9. Block BA (2005) Physiological ecology in the 21st century: advancements in biologging science. Integr Comp Biol 45(2):305–320CrossRefGoogle Scholar
  10. Blumenthal JM, Solomon JL, Bell CD, Austin TJ, Ebanks-Petrie G, Coyne MS, Broderick AC, Godley BJ (2006) Satellite tracking highlights the need for international cooperation in marine turtle management. Endanger Species Res 7:1–11Google Scholar
  11. Bowen BW, Karl SA (2007) Population genetics and phylogeography of sea turtles. Mol Ecol 16:4886–4907CrossRefGoogle Scholar
  12. Bowen BW, Bass AL, Chow SM, Bostrom M, Bjorndal KA, Bolten AB, Okuyama T, Bolker B, Epperly S, LaCasella E, Shaver D, Dodd M, Hopkins-Murphy S, Musick JA, Swingle M, Rankin-Baransky K, Teas W, Witzell W, Dutton P (2004) Natal homing in juvenile loggerhead turtles (Caretta caretta). Mol Ecol 13:3797–3808CrossRefGoogle Scholar
  13. Bowen BW, Grant WS, Hillis-Starr Z, Shaver D, Bjorndal KA, Bolten AB, Bass AL (2007) Mixed stock analysis reveals the migrations of juvenile hawksbill turtles (Eretmochelys imbricata) in the Caribbean Sea. Mol Ecol 16:49–60CrossRefGoogle Scholar
  14. Broderick AC, Glen F, Godley BJ, Hays GC (2003) Variation in reproductive output of marine turtles. J Exp Mar Biol Ecol 288:95–109CrossRefGoogle Scholar
  15. Broderick AC, Coyne MS, Fuller WJ, Glen F, Godley BJ (2007) Fidelity and over-wintering of sea turtles. Proc R Soc London B 274:1533–1538CrossRefGoogle Scholar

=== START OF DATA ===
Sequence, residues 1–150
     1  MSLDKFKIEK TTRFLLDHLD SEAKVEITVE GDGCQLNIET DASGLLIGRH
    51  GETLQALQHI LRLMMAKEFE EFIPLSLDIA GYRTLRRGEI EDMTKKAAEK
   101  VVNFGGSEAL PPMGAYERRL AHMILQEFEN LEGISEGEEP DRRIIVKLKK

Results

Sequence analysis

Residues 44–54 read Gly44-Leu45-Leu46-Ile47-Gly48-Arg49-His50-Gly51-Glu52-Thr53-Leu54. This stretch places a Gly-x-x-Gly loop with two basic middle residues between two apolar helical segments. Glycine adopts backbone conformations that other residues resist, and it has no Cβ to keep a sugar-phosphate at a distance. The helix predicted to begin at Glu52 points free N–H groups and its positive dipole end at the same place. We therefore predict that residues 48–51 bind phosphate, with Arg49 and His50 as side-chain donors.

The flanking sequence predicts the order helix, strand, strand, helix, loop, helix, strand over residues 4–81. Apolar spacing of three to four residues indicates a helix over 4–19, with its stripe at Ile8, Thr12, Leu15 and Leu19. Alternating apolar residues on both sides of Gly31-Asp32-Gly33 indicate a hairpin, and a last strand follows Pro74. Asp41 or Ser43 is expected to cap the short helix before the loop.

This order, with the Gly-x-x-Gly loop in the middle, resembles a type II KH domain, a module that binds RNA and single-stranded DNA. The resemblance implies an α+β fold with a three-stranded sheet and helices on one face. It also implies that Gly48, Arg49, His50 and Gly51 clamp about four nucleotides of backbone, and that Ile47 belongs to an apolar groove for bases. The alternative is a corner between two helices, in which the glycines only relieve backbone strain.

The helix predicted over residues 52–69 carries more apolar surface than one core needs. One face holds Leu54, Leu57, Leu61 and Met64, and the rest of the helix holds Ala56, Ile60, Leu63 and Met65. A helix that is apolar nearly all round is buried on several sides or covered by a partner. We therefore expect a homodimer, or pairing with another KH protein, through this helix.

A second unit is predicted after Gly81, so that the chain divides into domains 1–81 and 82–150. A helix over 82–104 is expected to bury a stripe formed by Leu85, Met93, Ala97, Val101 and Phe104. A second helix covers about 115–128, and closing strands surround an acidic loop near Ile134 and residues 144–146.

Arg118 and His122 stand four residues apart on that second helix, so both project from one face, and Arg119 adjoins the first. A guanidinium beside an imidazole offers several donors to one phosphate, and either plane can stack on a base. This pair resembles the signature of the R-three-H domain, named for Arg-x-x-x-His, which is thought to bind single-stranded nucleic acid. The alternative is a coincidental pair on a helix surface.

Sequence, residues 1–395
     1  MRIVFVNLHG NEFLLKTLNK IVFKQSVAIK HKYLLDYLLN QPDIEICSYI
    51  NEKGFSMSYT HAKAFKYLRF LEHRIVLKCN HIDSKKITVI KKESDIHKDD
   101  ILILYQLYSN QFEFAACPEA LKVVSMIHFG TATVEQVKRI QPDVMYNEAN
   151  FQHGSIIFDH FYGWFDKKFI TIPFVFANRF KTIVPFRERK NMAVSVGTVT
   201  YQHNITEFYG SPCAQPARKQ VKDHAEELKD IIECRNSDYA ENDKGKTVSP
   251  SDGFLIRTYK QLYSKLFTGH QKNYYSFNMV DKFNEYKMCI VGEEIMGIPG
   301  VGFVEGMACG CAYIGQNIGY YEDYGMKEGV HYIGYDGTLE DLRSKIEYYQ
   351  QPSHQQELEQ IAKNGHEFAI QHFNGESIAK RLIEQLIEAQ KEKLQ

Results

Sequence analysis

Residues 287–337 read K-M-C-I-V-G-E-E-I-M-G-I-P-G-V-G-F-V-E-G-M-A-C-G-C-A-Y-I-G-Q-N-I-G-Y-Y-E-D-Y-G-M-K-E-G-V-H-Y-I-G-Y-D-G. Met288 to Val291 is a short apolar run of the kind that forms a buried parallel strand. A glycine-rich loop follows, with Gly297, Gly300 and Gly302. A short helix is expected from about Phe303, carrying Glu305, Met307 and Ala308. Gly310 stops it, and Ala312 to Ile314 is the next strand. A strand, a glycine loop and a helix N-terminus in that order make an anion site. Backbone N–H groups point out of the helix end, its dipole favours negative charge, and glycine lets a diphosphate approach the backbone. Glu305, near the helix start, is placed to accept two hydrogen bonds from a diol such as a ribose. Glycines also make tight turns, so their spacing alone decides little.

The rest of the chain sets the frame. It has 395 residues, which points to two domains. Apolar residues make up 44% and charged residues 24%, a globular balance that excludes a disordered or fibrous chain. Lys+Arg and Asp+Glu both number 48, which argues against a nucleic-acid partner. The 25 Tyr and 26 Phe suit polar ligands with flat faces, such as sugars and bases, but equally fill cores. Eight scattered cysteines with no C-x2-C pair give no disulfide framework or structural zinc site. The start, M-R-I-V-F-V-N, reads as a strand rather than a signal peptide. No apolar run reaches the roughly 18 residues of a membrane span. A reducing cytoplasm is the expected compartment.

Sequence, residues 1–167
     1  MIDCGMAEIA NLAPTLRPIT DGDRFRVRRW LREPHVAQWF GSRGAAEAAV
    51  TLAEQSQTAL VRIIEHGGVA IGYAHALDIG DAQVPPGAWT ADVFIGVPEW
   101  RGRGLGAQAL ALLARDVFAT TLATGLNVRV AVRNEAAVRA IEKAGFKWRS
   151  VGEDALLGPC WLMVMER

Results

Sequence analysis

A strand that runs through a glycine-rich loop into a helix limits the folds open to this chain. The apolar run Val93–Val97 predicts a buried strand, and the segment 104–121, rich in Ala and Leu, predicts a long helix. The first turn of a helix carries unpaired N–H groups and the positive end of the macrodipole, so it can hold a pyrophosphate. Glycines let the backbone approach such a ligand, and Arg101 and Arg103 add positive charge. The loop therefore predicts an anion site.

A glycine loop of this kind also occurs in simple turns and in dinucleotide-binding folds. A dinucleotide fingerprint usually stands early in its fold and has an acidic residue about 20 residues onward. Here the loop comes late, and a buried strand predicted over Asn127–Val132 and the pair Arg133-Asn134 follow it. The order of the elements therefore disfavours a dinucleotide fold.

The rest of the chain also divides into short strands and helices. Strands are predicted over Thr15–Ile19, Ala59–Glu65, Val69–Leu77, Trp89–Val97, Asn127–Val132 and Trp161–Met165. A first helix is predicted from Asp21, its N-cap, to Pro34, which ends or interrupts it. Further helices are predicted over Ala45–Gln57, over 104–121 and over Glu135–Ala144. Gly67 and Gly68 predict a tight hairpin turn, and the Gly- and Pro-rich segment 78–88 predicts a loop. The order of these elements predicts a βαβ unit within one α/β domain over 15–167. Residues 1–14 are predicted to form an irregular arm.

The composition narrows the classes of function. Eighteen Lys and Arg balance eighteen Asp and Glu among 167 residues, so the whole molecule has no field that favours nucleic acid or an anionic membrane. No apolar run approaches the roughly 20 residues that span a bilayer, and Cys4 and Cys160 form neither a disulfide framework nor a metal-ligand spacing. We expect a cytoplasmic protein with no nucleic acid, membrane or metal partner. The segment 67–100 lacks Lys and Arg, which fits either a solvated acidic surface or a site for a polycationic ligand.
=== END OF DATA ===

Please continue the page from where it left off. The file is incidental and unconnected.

16. Carr A, Carr MH, Meylan AB (1978) The ecology and migrations of sea turtles, 7. The west Caribbean green turtle colony. Bull Am Mus Nat Hist 162:1–46Google Scholar
  17. Carrión-Cortez JA, Zárate P, Seminoff JA (2010) Feeding ecology of the green sea turtle (Chelonia mydas) in the Galapagos Islands. J Mar Biol Assoc UK 90:1005–1013CrossRefGoogle Scholar
  18. Coppejans E, Leliaert F, Dargent O, Gunasekara R, De Clerck O (2009) Sri Lankan seaweeds—methodologies and field guide to the dominant species. ABC Taxa 6(i–viii):265Google Scholar
  19. Costa DP, Robinson PW, Arnould JPY, Harrison A-L, Simmons SE (2010) Accuracy of ARGOS locations of Pinnipeds At-Sea estimated using Fastloc GPS. PLoS One 5(1):e8677. doi:10.1371/journal.pone.0008677 CrossRefGoogle Scholar
  20. Coyne MS, Godley BJ (2005) Satellite tracking and analysis tool (STAT): an integrated system for archiving, analysing and mapping animal tracking data. Mar Ecol Prog Ser 301:1–7CrossRefGoogle Scholar
  21. De Silva A (2006) Marine turtles of Sri Lanka: a historical account. In: Shanker K, Choudhury BC (eds) Marine turtles of the Indian subcontinent. Universities Press, Hyderabad, India, pp 324–353Google Scholar
  22. Deraniyagala PEP (1939) The tetrapod reptiles of Ceylon: vol. 1 Testudinates and Crocodilians. The Director, Colombo Museum; London, Dulau and Co. Ltd. p 412Google Scholar
  23. Ekanayake EML, Kapurusinghe T (2000) The nesting frequency of marine turtles on the Rekawa turtle rookery in southern Sri Lanka. Report of the South and Southeast Asian Regional Session of the Global Biodiversity Forum. Colombo, Sri Lanka, p 20Google Scholar
  24. Ekanayake EML, Ranawana KB, Kapurusinghe T, Premakumara MGC, Saman MM (2002) Marine turtle conservation in Rekawa turtle rookery in southern Sri Lanka. Ceylon J Sci Biol Sci 30:79–88Google Scholar